At no point did the year slow down. In July alone we had the wildly weird Cruelty Squad, Old World's clever mashup of Civilization and Crusader Kings, another brilliant time loop adventure in Forgotten City, the cyberpunk thrills of The Ascent and The Great Ace Attorney Chronicles, which gave us the wonderful Sherlock Holmes parody known as Herlock Sholmes. All this in the space of a mere 31 days.
2021 Part 2 ended up being nearly as impressive. Psychonauts 2, Life is Strange: True Colors, Sable, Townscaper, Death Loop (this year's third excellent time loop game), Eastward, Back 4 Blood, Forza Horizons 5, Halo Infinite, Age of Empires 4, Guardians of the Galaxy, Gloomhaven, Final Fantasy 14: Endwalker... I'm getting tired of listing games, but there are so many more. And a lot of these aren't just great games, they're also important games, too—things we'd been waiting years for. Endwalker concluded Final Fantasy 14's decade-long story, setting things up for a new one; Halo: Infinite survived bad first impressions—and several delays—to be the best shooter of the year; there's finally a new Age of Empires! It almost makes up for Bloodlines 2 not appearing.
These last two years have seen me play more games than ever before, but even being stuck indoors all day long, I've been constantly playing catch-up. I've been praying for the humble RTS to make a well-deserved comeback (I have high hopes for Company of Heroes 3 next year), but I've not had time to even touch Age of Empires 4. Sable, meanwhile, was one of my most anticipated games of 2021, and the demo got its hooks in me deep, but again, I haven't found the time to play it. A backlog of too many amazing games is a good problem to have.
It's astonishing that any games were finished and released this year, let alone some of the best I've ever played. 2021 has seen innovations and novelties come from all corners of the industry, and it's incredibly encouraging to have gone through a whole year where nearly every week I'm playing something that makes me say "Damn, that's clever," or gives me a new appreciation for game design tricks. Being a critic is a constant learning process where you're perpetually trying to unravel these complex experiences and figure out what makes them work, and 2021 has been a real education.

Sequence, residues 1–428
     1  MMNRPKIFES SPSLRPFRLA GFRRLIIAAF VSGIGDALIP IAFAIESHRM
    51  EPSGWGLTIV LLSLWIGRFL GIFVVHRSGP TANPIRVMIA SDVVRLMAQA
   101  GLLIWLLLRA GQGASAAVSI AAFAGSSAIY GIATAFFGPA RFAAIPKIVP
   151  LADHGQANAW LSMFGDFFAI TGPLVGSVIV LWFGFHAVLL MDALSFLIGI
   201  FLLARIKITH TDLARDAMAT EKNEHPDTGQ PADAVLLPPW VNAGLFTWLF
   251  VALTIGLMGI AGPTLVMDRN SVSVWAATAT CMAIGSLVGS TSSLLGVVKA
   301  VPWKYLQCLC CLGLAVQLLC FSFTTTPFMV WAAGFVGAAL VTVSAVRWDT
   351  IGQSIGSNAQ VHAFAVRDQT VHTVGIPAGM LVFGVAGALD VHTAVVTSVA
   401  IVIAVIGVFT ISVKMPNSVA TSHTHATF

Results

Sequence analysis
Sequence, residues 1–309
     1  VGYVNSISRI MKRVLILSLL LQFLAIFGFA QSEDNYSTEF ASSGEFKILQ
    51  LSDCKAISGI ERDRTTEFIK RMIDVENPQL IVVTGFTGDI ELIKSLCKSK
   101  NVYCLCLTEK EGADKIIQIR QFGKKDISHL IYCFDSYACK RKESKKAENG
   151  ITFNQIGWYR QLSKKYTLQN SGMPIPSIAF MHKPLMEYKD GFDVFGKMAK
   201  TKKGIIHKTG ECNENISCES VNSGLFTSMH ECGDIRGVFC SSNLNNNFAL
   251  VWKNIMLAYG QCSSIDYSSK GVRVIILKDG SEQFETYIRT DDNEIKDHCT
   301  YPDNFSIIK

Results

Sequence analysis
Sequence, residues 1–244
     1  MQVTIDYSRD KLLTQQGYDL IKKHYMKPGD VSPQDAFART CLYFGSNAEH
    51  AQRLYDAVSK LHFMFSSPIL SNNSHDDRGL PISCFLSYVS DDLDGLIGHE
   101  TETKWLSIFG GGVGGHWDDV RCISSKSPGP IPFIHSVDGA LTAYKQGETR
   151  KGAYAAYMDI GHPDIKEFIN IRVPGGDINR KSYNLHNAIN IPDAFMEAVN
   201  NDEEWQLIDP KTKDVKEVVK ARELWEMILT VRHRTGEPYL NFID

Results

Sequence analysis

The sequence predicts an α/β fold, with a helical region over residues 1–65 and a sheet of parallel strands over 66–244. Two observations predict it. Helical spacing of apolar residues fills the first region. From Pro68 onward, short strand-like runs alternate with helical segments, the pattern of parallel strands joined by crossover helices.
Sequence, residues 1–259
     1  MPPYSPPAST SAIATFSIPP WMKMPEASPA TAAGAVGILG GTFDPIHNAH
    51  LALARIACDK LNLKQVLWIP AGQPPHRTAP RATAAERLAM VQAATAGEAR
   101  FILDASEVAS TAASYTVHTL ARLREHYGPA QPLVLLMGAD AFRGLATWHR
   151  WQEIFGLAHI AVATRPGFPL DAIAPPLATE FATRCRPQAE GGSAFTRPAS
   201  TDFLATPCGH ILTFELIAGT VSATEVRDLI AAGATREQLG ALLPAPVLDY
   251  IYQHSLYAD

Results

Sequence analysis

And these are just the things that have been on my radar. Judging by how frequently my colleagues will point me in the direction of something I'd missed completely, there are undoubtedly some unsung heroes that I can only apologise for not mentioning—I'm sure you're great, mystery games, but my brain cannot contain all of these wonders.
I suspect that a lot of you have a favourite year for games—mine is 1999—but it's rare for a year to go by where there aren't exceptional offerings from an industry that's becoming increasingly vibrant, with more experiments in game design and more diverse groups of people making them. 2021 has absolutely showcased this, but we've also got to acknowledge that some of the games we've enjoyed this year have been produced by teams that are overworked, underpaid and treated like shit.
As well as having to be creative during a pandemic, many of the folk working in games have had to deal with toxic management, systemic racism, sexism, pay inequality, and all sorts of petty bullshit—like their name not being in the credits because they left before launch. Revelations about the likes of Activision-Blizzard and Bungie have loomed over 2021, echoing similar issues with Riot, Rockstar and Ubisoft that came to light in previous years. And it's far from just the big companies. Tacoma and Gone Home developer Fullbright Games lost 12 staff due to co-founder Steve Gaynor's micromanagement of his team, particularly women, and the toxic culture he was accused of fomenting. Gaynor stepped down as creative lead, but he remains at the studio.
So as much as I want to celebrate the incredible games that came out this year, I'm also furious at the state of the industry—a fury that's only increased with the arrival of NFTs, which we know will only benefit arseholes and not actual creators. My hope for 2022, then, is not that we get a similar cavalcade of great games, but that we get happier, healthier teams where creating these things doesn't come with this unacceptable cost. The great games will then follow—because nobody is working to the best of their ability when they are absolutely miserable.